Basically, unless revoked, a trust is a legally binding agreement governing how the property in the trust will be administered and distributed. Trusts have become an integral part of estate planning – the process by which owners of assets and property plan ahead to ensure the proper dispensation of their wealth.
Like other legal instruments, however, trusts are not immune from disputes between the various parties that have an interest in the trust:
- The person who established and “funded” the trust.
- The trustee who has the task of managing the trust assets.
- The beneficiaries who will receive income and/or assets from the trust.
Trusts that remain in operation for considerable periods of time are particularly susceptible to disputes, as over time needs and circumstances change and opportunities for misconduct grow.
A considerable portion of trust disputes and litigation derive from the fact that the trustee is often given wide ranging discretion with respect to investments and distributions of income and/or principal. Claims that a trustee breached the duties imposed by law and the terms of the trust may often raise technical points of trust law, requiring legal analysis and determinations.
An experienced Florida trust attorney can bring to bear the skills and knowledge for settling the disputes quickly and avoiding the financial and psychological costs of protracted litigation.
Types of Trust Disputes
The kinds of disputes over a trust are limited only by the imaginations of the parties involved. Among the common disputes that result in litigation are:
- Disagreements over the meaning of trust terms.
- Claims that the current or a former trustee misappropriated trust assets or engaged in “self-dealing.”
- Claims that the current or a former trustee mismanaged the trust by making improper investments, acquisitions or dispositions.
- Claims that the trustees have breached their duties by failing to provide for a beneficiary as the trust requires or, alternatively, has provided too much to one beneficiary to the detriment of other beneficiaries.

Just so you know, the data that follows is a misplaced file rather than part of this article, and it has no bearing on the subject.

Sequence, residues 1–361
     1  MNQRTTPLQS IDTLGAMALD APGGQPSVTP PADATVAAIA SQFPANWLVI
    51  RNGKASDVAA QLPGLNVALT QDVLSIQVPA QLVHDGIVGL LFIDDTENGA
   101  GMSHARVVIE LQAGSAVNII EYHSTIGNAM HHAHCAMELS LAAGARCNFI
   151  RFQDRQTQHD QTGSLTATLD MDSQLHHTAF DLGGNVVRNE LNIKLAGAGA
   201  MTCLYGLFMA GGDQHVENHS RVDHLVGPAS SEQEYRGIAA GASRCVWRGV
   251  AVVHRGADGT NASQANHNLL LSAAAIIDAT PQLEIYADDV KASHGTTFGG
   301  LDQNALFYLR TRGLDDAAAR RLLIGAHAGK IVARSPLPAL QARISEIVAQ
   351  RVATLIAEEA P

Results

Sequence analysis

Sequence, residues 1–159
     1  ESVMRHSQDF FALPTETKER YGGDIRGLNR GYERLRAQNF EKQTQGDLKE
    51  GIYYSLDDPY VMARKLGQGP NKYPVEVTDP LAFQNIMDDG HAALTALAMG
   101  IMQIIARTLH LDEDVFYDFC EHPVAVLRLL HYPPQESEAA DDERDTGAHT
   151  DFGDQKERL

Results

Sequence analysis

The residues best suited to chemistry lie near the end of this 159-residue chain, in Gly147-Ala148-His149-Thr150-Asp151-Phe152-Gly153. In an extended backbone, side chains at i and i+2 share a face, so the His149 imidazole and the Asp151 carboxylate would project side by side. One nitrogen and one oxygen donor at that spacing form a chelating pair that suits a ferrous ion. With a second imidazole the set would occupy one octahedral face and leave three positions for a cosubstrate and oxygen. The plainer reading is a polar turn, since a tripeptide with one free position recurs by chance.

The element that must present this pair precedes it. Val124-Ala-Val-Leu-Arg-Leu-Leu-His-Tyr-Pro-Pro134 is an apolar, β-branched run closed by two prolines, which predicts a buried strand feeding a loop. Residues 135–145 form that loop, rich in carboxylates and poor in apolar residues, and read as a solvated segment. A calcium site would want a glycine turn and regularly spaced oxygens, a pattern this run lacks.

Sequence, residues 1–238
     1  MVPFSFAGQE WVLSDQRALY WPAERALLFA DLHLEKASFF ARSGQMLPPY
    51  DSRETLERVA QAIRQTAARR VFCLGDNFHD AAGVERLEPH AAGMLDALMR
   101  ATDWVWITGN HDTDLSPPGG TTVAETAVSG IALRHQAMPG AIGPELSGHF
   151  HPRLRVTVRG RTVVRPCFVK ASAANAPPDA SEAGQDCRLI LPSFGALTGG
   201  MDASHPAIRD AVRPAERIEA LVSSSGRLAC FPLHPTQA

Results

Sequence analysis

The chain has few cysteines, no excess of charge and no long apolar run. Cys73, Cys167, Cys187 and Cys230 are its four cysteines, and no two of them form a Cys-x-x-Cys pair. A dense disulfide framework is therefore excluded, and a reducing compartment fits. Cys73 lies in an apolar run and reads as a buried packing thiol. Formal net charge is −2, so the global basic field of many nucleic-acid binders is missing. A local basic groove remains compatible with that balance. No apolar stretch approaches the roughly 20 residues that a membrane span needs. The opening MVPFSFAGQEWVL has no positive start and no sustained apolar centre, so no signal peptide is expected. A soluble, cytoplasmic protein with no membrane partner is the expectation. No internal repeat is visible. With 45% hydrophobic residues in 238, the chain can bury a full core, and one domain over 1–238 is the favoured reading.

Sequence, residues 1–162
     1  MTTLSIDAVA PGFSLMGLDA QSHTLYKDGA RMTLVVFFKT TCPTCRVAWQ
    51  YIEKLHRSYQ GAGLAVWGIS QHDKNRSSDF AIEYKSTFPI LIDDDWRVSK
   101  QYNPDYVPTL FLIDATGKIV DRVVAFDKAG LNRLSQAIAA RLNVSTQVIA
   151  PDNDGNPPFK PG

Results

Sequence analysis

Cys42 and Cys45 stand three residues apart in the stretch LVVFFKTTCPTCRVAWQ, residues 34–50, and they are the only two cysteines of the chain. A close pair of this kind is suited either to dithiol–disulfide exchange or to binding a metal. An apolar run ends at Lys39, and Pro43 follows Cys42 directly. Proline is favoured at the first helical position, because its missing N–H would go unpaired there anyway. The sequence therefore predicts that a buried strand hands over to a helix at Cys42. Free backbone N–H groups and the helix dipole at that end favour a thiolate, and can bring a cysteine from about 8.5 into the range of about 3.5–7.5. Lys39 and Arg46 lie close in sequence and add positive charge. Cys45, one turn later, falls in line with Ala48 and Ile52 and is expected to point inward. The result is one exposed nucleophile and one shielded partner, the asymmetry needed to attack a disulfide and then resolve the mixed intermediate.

- The need to reform or terminate the trust.
Obviously, mismanagement of the trust assets is most likely to be remedied by an award of money, designed to compensate for the beneficiary’s financial loss. The financial resolution can get more complicated when the trustee has personally benefited from the mismanagement, especially if the amount of the beneficiary’s loss is less than the amount of the trustee’s improper gain; the trustee generally has to give up all the improper gain.
However, not all problems can be solved simply through money damages, and there are cases in which non-monetary relief is the main, even the sole, remedy sought. Among the most common non-monetary remedies sought in trust litigation are:
- Orders removing a trustee.
- Orders that restore to the trust assets which had been disposed of improperly.
- Orders that deny or reduce the trustee’s compensation.
No Contest Clauses
The person who creates a trust obviously intends for that trust to perform as intended. One common method of ensuring that is to add a “no contest” clause to the trust deed, stating that any beneficiary of the trust who contests it is no longer eligible to receive benefits from the trust.
While most states enforce these clauses to some degree, Florida does not. We have a specific statute which makes these clauses unenforceable as to all trusts that were created on or after the first day of October, 1993.
The breathe of the Florida Statutes devoted to trusts is a testament in and of itself as to the complexity and technical aspects of trusts and the litigation that arises from them. . Getting the help of an experienced Florida attorney who really understands trust law can minimize both the cost and mental anguish that often go hand in hand with trust litigation.
Whether you are a trustee, a beneficiary, a creditor, or any other person with an interest in property governed by a Florida trust agreement, the firm of attorney Todd A. Zuckerbrod in Boca Raton can help guide you to a favorable and expedient a result. Whatever the nature of the dispute or litigation, give us a call today. There is no fee for our initial consultation.